Published On: Fri, Feb 24th, 2017

Praytm: Devotees can now e-donate – Times of India

Over the past few months, many temples have started accepting donations through Paytm,” said Kiran Vasireddy, senior VP at Paytm, “This is a part of the rapid shift in consumer behaviour towards going cashless. We will continue to support this evolution by providing an option to collect cashless donations at temples and other places of worship across the country .”

Around 30 religious institutions have tied up with Paytm including Siddhivinayak Ganapati temple in Mumbai, ISKCON in New Delhi, Bajrangbali Mandir in Kanpur and God is Light church in Jalandhar.

India’s spiritual and religious market is estimated to be around $30 billion. A large chunk of that is in the form of donations, with some of the richest temples earning hundreds of crores of rupees every year in the form of cash offerings.

Even a mere fraction of that sum provides a lucrative opportunity to digital wallet companies, said industry experts.

“This trend is here to stay,” said Arvind Singhal, founder and chairman of retail consultancy Technopak. “At present, the number of digital donations may be negligible, but four-five years down the line, as people start carrying less cash, the percentage will dramatically increase. First, you don’t have to be in a temple or mosque to donate and, secondly, not everybody gives huge donations. There are many people who put in even Rs 10 or Rs 50. This becomes easy with digital wallets.” Digital payment platform Freecharge brought on board Hazrat Nizamuddin Dargah in the capital and Vrindavan Chandrodaya Mandir, an upcoming skyscraper temple for Lord Krishna in Vrindavan Mathura, which will stand tall at 700 feet. “With the digital revolution and stress on e-enabled payments, it is imperative that cultural initiatives like ours get the maximum visibility , thus be available on all ewallet platforms,” said Bharatarashbha Dasa, VP of Vrindavan Chandrodaya Mandir.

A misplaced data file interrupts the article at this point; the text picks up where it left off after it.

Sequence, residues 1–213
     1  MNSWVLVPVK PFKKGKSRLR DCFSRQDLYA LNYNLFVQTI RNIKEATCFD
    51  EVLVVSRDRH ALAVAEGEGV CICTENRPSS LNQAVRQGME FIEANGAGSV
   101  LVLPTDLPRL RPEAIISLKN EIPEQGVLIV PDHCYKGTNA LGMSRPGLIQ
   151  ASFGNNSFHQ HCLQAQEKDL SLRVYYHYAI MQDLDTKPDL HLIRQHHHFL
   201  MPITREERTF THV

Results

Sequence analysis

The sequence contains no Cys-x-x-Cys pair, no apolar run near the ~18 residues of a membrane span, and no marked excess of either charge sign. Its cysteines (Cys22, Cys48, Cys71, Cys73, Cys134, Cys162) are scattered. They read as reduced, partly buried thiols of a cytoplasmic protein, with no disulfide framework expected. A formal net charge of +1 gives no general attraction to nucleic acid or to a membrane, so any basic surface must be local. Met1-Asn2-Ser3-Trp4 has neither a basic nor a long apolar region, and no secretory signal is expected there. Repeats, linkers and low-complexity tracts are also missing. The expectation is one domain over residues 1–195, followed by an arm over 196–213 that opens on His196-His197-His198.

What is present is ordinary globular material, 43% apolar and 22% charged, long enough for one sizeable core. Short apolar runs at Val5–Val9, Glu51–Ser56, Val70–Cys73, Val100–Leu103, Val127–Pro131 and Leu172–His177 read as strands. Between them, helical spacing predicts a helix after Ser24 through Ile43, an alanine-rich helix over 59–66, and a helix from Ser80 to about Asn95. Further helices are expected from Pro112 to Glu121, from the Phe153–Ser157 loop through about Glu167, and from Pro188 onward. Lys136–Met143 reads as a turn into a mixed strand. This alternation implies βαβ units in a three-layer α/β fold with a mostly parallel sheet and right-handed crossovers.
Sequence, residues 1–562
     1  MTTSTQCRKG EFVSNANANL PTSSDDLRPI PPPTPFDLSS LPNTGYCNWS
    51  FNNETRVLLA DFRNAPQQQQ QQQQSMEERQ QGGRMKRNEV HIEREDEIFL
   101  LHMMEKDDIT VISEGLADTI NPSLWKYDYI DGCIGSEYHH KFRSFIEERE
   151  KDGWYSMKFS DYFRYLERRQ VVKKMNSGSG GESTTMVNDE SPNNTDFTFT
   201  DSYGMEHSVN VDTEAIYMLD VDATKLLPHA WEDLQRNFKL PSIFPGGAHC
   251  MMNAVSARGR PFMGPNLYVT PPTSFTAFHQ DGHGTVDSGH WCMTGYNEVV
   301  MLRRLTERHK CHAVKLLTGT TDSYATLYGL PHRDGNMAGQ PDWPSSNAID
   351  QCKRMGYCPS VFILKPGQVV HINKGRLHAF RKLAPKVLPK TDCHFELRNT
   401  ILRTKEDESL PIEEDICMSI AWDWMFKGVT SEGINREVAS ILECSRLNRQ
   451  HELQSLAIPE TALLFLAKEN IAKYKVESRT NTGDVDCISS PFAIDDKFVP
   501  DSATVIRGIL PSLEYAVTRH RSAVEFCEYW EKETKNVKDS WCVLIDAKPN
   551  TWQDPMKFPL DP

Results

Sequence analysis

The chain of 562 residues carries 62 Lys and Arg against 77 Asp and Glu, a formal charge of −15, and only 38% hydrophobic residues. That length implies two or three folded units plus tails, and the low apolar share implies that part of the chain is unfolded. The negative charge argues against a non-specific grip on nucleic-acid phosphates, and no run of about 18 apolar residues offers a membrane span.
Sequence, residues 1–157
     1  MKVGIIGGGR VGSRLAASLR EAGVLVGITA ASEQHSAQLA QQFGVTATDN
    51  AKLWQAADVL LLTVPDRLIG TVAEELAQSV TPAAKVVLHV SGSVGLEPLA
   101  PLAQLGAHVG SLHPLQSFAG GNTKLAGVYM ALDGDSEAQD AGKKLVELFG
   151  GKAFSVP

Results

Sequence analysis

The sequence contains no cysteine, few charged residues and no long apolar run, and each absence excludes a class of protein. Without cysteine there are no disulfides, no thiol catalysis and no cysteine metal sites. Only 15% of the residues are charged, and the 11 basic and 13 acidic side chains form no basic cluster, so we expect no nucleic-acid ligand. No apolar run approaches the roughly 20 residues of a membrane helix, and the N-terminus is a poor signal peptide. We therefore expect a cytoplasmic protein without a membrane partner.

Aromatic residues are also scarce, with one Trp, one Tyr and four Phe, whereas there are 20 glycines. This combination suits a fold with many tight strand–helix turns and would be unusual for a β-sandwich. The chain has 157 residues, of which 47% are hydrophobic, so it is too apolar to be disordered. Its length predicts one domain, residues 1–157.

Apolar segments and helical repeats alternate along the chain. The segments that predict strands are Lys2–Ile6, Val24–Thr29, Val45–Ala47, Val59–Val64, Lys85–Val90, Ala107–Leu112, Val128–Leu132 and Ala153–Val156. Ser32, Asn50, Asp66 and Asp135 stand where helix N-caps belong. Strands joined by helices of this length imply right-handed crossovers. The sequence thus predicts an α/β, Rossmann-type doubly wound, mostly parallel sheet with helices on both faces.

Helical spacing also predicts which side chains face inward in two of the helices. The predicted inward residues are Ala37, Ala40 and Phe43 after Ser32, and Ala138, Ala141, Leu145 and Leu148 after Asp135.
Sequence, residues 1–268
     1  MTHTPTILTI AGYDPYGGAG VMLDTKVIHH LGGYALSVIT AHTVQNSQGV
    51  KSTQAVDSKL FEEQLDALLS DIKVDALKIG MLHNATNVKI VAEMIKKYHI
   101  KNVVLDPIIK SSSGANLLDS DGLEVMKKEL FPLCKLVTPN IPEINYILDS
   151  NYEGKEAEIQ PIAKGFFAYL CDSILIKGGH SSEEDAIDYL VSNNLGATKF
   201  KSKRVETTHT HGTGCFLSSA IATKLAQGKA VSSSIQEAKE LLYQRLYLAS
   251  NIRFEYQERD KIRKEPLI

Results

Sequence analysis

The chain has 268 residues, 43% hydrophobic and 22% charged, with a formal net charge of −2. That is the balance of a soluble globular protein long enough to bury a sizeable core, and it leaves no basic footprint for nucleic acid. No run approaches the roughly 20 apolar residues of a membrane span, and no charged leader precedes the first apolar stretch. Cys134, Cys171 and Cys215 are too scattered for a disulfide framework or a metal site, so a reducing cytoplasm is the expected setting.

However, this is not the first time India’s vast and burgeoning religious market is brushing shoulders with technology . Take, for instance, website Onlineprasad that delivers prasad (a religious offering of food) to one’s doorstep from temples across the country . Or for that matter, large religious institutions such as Tirumala Tirupati Temple that allows devotees to book a `special entry darshan’ through its website.

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